GOLF 1-8-2 Antarctica Expedition 2006/2007
How Rocks get Magnetized
How do the Rocks get Magnetized in the First Place?
To understand how rocks get magnetized, we need to take out our imaginary microscope and zoom in on the individual minerals that make up the rock. A single rock is usually composed of several different kinds of minerals, and most of these minerals are not magnetic. It is really only a few special kinds of minerals (like magnetite) that can become magnetized. To understand how minerals like magnetite get magnetized, we need to zoom in even further and think about individual atoms and their electrons. Minerals like magnetite are special because their electrons are distributed in such a way that they can produce a magnetization. At high temperatures, the electrons can easily change their orientation, and the magnetization will tend to align with the ambient Earth’s field. At low temperatures, however, the electrons cannot change orientation, and the magnetization direction is stuck. So the field recorded in the rock is the field when the rock was last very hot – usually when it erupted.How do we get the Magnetic Field Out of a Rock?
So how do we get the rock to tell us what the field was when it cooled? Unfortunately, rocks don’t usually respond to polite questions. Instead we have to take samples of the rock back home to our laboratory in San Diego, where we can use an instrument called a magnetometer
(see image below)
But the rocks don’t usually give up the ancient field quite that easily. We perform a series of experiments designed to remove any younger magnetic overprint that might partially obscure the ancient magnetization. To take the samples, we drill into the rock, producing small cylindrical cores, one inch in diameter and about two to four inches long (see images below).
But if we take these samples home to measure them, how do we now know what direction the magnetization was in? Was it pointing north? South? Or somewhere in between? Because the direction of magnetization is very important to us, a key component of our fieldwork is properly measuring the orientation of our samples with respect to north. Then, when we measure a magnetization direction in the lab, we know how that corresponds to a direction in geographic space. The orientation of core samples can be accomplished in several ways:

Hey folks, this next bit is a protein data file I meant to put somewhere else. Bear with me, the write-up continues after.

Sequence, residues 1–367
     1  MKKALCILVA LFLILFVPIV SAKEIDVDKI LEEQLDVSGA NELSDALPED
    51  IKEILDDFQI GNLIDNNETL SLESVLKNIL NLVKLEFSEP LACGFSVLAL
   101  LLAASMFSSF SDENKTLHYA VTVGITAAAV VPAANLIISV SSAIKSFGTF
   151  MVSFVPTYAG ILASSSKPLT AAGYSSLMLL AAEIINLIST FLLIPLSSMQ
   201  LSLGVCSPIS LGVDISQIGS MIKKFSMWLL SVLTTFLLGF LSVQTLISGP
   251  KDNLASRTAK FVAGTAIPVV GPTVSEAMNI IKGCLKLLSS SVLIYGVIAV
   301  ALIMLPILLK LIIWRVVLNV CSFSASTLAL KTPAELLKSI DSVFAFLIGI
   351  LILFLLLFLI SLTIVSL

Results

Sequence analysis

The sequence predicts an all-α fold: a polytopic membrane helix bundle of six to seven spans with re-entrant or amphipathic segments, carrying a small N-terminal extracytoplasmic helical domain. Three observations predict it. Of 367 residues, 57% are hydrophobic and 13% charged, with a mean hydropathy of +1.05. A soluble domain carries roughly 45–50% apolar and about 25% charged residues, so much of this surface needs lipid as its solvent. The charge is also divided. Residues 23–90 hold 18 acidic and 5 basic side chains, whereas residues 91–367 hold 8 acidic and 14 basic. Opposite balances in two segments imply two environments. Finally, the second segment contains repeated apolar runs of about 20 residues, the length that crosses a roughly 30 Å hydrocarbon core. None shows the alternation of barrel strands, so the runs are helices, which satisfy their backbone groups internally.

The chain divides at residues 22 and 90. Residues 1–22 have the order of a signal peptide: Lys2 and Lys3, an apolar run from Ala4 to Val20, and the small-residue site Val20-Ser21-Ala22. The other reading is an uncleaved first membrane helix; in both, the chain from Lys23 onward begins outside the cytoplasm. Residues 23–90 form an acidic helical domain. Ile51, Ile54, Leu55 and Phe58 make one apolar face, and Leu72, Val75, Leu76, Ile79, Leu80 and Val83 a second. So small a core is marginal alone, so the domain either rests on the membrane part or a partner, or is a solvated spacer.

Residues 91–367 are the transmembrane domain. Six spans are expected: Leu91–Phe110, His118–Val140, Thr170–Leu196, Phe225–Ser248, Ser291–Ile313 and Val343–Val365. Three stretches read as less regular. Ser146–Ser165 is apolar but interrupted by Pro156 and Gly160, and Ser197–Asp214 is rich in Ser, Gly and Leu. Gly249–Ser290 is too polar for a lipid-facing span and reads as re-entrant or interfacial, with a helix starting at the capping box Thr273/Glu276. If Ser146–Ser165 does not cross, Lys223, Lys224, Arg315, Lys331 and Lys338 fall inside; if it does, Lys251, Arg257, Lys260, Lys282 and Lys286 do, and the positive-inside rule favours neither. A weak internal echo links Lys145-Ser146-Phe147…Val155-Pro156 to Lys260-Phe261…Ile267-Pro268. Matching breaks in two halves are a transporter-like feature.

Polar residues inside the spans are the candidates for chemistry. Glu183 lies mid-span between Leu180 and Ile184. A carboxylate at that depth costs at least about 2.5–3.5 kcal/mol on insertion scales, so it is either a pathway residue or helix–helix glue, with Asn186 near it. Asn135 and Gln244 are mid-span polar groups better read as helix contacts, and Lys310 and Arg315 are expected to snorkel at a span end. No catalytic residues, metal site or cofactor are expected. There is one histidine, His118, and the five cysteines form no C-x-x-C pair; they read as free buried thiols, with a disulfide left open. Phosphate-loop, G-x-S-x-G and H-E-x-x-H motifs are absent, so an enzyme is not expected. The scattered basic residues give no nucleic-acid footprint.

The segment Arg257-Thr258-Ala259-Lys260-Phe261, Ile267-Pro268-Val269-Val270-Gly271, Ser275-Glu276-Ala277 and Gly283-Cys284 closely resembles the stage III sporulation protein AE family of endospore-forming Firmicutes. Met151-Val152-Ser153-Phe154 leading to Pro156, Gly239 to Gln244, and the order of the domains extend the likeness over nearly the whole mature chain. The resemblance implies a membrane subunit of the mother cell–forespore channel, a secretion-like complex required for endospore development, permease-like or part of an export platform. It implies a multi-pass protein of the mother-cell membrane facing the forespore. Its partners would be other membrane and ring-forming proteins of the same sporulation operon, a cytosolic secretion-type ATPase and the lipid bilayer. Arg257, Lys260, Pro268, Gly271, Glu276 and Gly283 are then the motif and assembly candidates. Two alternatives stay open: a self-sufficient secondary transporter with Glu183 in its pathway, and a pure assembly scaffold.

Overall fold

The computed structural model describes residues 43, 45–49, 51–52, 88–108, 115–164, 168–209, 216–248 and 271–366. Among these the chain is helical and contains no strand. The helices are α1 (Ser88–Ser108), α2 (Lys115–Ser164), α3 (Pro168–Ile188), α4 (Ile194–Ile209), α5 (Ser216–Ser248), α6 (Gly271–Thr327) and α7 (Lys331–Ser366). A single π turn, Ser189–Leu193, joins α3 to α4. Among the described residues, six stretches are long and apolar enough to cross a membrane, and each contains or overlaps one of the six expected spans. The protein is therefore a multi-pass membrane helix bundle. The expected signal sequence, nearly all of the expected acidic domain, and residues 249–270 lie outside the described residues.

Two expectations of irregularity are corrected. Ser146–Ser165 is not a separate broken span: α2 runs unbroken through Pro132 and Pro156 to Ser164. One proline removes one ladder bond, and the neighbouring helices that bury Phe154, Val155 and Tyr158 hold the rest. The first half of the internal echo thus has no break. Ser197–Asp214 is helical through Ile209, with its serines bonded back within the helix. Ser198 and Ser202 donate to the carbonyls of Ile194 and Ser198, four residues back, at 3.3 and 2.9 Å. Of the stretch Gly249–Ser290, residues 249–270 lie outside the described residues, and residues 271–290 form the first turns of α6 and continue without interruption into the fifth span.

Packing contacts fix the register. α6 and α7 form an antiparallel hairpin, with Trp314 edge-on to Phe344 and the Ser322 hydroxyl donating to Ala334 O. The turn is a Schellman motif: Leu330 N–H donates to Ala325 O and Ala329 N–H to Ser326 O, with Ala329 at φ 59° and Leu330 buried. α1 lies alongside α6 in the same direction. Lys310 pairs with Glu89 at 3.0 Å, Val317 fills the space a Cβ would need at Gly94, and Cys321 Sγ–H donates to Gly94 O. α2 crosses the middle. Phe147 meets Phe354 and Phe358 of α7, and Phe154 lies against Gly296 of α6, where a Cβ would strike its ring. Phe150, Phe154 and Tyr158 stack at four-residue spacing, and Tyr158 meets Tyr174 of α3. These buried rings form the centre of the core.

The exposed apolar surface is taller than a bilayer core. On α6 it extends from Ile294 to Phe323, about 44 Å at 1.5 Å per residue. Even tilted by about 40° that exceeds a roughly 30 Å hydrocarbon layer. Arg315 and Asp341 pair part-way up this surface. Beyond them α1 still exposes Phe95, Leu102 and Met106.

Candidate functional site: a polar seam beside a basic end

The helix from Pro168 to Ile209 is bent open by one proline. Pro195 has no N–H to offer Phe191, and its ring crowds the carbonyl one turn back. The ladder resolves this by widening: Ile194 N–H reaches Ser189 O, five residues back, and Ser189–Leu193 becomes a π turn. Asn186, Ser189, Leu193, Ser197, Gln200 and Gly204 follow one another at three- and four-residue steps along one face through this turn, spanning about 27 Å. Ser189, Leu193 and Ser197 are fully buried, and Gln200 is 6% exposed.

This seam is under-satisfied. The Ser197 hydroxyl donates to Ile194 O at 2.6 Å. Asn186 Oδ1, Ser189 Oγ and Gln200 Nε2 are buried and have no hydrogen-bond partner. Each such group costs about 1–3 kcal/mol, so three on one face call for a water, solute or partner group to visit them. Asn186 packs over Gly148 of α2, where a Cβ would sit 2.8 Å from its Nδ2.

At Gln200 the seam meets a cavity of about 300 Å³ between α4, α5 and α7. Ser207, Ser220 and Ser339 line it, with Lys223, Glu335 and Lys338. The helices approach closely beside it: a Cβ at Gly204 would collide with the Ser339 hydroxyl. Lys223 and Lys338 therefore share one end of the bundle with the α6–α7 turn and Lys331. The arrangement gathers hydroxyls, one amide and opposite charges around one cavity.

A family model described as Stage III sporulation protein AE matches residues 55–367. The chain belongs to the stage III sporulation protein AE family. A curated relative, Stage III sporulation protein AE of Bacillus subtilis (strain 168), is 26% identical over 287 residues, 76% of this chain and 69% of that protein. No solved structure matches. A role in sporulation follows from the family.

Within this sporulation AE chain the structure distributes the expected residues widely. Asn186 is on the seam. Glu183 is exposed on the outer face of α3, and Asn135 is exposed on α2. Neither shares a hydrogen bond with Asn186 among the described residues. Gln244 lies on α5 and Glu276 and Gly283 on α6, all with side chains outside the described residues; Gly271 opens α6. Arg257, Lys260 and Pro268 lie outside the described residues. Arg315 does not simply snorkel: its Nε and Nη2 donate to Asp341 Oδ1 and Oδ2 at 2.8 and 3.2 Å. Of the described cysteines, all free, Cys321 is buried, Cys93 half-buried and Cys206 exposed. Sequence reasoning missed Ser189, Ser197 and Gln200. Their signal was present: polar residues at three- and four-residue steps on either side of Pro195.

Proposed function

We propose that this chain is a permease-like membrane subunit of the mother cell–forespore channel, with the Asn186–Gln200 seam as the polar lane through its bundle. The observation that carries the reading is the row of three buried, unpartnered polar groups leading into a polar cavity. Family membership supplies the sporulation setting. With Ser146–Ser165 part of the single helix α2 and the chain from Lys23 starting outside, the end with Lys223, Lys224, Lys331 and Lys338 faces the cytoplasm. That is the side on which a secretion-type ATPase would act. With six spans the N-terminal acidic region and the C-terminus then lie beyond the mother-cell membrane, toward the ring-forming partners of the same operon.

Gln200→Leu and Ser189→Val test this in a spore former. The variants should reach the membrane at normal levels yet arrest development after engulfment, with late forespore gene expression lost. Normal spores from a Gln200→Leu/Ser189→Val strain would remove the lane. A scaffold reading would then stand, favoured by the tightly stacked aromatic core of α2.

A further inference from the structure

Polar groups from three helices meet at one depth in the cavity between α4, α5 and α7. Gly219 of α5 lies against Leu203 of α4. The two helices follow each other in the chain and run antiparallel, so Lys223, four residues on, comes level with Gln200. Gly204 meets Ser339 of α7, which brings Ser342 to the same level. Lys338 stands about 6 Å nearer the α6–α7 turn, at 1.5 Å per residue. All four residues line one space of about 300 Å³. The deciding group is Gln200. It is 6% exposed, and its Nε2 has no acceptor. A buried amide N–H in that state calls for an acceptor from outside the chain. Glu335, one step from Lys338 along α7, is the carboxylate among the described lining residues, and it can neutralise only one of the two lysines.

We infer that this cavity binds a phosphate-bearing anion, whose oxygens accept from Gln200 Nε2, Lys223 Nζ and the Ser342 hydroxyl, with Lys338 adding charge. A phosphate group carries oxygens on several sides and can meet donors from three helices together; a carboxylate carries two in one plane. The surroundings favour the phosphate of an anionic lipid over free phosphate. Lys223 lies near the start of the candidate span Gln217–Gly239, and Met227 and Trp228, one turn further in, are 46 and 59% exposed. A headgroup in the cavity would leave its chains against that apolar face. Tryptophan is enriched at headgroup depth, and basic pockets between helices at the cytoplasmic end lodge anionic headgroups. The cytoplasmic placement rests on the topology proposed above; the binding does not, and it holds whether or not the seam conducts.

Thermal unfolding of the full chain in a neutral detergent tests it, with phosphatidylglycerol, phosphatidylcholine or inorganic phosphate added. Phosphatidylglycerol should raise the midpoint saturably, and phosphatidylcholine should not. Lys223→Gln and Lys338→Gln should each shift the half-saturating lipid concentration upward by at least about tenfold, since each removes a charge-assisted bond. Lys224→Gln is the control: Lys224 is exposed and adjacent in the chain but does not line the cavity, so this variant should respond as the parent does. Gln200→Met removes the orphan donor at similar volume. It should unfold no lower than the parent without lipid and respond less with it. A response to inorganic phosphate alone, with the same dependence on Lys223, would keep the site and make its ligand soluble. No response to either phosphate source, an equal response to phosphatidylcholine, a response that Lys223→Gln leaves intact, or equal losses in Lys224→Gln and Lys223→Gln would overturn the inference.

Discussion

1) Perhaps the most obvious way to orient the core would be with a magnetic compass. In many places this would work fine, but here near the south magnetic pole our
magnetic compasses don’t work very well (see earlier report). However, in other locations, we could use a magnetic compass mounted in something called a Pomeroy orientation device (see image below).
The generally preferred way to orient samples is with the sun. We use the same Pomeroy, but with the addition of a slender metal rod (known as a gnomon) in the center
3) Of course, the catch with using a sun compass is that you must have sun! Although we’ve been fortunate enough to enjoy sunny weather for much of our stay in Antarctica, we need a backup plan for cloudy days or when our rock outcrop is in the shade. In this case we use something
called a differential GPS (see image above). This consists of two GPS receivers mounted on a 1-meter long aluminum base. By knowing the precise position at each end of this baseline we can calculate its azimuth, or the angle it makes with true geographic north. We then use a laser mounted on the baseline
and shoot it at a prism mounted on a modified Pomeroy (see image below)
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